...absolutely no deaths due to wind tunnel testing problems."

Recommendation 3. NIST recommends that an appropriate criterion should be developed and implemented to enhance the performance of tall buildings by limiting how much they sway under lateral load design conditions (e.g., winds and earthquakes).

Magnusson: "Building sway standards had absolutely no bearing on the outcome of the WTC attack. Standards already exist for building sway in wind and earthquake and have proven to result in good building performance."

Group 2. Enhanced Fire Resistance of Structures

The procedures and practices used to ensure the fire resistance of structures should be enhanced by improving the technical basis for construction classifications and fire resistance ratings, improving the technical basis for standard fire resistance testing methods, use of the "structural frame" approach to fire resistance ratings, and developing in-service performance requirements and conformance criteria for spray-applied fire resistive materials.

Recommendation 4. NIST recommends evaluating, and where needed improving, the technical basis for determining appropriate construction classification and fire rating requirements (especially for tall buildings greater than 20 stories in height)–and making related code changes now as much as possible–by explicitly considering factors including:

  • timely access by emergency responders and full evacuation of occupants, or the time required for burnout without local collapse;
  • the extent to which redundancy in active fire protection (sprinkler and standpipe, fire alarm, and smoke management) systems should be credited for occupant life safety;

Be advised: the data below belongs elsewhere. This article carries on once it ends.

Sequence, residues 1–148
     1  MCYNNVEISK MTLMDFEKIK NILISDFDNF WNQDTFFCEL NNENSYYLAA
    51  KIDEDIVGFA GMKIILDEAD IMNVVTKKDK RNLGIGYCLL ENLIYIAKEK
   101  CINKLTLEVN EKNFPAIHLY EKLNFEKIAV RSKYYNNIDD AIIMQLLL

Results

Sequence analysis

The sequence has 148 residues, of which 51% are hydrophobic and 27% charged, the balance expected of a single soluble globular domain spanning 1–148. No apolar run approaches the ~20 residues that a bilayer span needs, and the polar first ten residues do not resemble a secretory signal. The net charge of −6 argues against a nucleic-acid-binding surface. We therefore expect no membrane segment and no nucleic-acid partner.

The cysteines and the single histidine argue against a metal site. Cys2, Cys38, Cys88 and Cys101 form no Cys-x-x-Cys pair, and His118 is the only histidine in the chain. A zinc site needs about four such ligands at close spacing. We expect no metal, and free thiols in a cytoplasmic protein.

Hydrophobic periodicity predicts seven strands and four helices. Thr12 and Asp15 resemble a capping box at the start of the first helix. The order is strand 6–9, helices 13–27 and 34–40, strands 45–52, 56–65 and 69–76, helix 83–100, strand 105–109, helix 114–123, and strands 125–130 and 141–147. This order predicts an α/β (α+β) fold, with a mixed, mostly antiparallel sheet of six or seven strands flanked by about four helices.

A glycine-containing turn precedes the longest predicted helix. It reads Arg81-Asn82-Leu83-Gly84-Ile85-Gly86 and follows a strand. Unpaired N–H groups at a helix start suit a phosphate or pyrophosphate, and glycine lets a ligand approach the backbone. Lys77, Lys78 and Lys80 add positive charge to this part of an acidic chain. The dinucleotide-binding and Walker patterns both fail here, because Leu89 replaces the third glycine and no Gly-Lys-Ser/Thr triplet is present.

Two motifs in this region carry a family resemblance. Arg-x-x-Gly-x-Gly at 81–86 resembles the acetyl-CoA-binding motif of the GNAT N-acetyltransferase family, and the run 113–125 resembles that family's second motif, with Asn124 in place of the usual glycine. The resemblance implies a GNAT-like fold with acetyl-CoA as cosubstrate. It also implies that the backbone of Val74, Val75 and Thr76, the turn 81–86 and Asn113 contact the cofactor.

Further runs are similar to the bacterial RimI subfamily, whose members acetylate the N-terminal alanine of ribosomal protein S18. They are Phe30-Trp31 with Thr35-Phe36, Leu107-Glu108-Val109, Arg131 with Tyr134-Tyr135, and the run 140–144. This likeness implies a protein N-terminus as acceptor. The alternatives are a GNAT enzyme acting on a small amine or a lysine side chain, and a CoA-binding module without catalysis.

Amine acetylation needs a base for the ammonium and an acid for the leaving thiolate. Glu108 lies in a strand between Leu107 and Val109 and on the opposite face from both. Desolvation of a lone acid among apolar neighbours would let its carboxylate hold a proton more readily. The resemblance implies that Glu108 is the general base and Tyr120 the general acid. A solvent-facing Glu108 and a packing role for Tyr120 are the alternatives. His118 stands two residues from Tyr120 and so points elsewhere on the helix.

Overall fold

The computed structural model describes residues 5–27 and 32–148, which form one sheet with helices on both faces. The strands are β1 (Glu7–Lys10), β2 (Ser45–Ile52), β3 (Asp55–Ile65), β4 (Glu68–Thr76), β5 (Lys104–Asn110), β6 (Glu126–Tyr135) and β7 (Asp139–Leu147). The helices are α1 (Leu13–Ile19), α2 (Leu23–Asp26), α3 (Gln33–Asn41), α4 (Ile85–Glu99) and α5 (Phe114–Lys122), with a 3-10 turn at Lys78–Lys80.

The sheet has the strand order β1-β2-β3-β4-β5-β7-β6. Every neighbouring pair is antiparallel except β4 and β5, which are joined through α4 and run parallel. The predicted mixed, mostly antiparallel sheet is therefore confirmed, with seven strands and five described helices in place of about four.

• the need for redundancy in fire protection systems that are critical to structural integrity
  • the ability of the structure and local floor systems to withstand a maximum credible fire scenario without collapse, recognizing that sprinklers could be compromised, not operational, or non-existent;
  • compartmentation requirements (e.g., 12,000 ft (24)) to protect the structure, including fire rated doors and automatic enclosures, and limiting air supply (e.g., thermally resistant window assemblies) to retard fire spread in buildings with large, open floor plans;
  • the impact of spaces containing unusually large fuel concentrations for the expected occupancy of the building; and
  • the extent to which fire control systems, including suppression by automatic or manual means, should be credited as part of the prevention of fire spread.
  • Magnusson: "Actual fire safety records prove that buildings already achieve the performance objective of reaching "burn out" of the contents without structural collapse. Records by the National Fire Protection Association show that in the 14-year period of 1985-1998 there were only 7 deaths due to fires in high-rise office buildings.

    If creating "compartments" in open space offices is required for safety, is NIST recommending that all buildings be retrofitted with these fire walls? The NIST findings talked about 5,000-sq-ft compartments, why have they increased this to 12,000 sq f t?

    Where is the actual fire data showing that existing fire codes do not provide safety?"

    Schulte: "The high-rise provisions presently included in the model building codes used in the United States since 1975 have reduced the number of fatalities which occur in high rise building fires to less than those caused by lightning. The fire record of high rise buildings, particularly high-rise office buildings, is excellent. NIST simply hasn't provided any rationale to justify the changes to the model building...